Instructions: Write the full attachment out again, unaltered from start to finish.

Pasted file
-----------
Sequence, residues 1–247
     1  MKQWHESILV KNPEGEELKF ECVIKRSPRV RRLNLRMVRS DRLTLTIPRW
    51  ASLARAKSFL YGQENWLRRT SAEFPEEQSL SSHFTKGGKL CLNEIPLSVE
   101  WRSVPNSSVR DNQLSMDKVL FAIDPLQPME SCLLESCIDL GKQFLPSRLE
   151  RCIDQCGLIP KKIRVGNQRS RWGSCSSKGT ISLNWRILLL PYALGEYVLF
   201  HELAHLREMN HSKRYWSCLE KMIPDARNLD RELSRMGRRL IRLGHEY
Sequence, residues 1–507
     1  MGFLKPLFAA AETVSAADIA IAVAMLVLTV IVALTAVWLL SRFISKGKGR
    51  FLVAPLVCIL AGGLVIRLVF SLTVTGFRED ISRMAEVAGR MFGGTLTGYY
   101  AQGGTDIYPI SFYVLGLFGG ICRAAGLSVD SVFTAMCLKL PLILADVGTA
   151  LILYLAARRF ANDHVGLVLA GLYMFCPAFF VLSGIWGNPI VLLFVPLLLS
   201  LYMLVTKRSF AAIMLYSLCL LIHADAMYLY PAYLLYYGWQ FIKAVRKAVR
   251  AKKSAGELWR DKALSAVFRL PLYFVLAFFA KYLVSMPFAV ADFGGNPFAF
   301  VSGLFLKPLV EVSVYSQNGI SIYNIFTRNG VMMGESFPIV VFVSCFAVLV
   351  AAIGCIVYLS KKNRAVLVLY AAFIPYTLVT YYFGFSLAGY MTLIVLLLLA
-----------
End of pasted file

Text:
Sequence, residues 1–247
     1  MKQWHESILV KNPEGEELKF ECVIKRSPRV RRLNLRMVRS DRLTLTIPRW
    51  ASLARAKSFL YGQENWLRRT SAEFPEEQSL SSHFTKGGKL CLNEIPLSVE
   101  WRSVPNSSVR DNQLSMDKVL FAIDPLQPME SCLLESCIDL GKQFLPSRLE
   151  RCIDQCGLIP KKIRVGNQRS RWGSCSSKGT ISLNWRILLL PYALGEYVLF
   201  HELAHLREMN HSKRYWSCLE KMIPDARNLD RELSRMGRRL IRLGHEY
Sequence, residues 1–507
     1  MGFLKPLFAA AETVSAADIA IAVAMLVLTV IVALTAVWLL SRFISKGKGR
    51  FLVAPLVCIL AGGLVIRLVF SLTVTGFRED ISRMAEVAGR MFGGTLTGYY
   101  AQGGTDIYPI SFYVLGLFGG ICRAAGLSVD SVFTAMCLKL PLILADVGTA
   151  LILYLAARRF ANDHVGLVLA GLYMFCPAFF VLSGIWGNPI VLLFVPLLLS
   201  LYMLVTKRSF AAIMLYSLCL LIHADAMYLY PAYLLYYGWQ FIKAVRKAVR
   251  AKKSAGELWR DKALSAVFRL PLYFVLAFFA KYLVSMPFAV ADFGGNPFAF
   301  VSGLFLKPLV EVSVYSQNGI SIYNIFTRNG VMMGESFPIV VFVSCFAVLV
   351  AAIGCIVYLS KKNRAVLVLY AAFIPYTLVT YYFGFSLAGY MTLIVLLLLA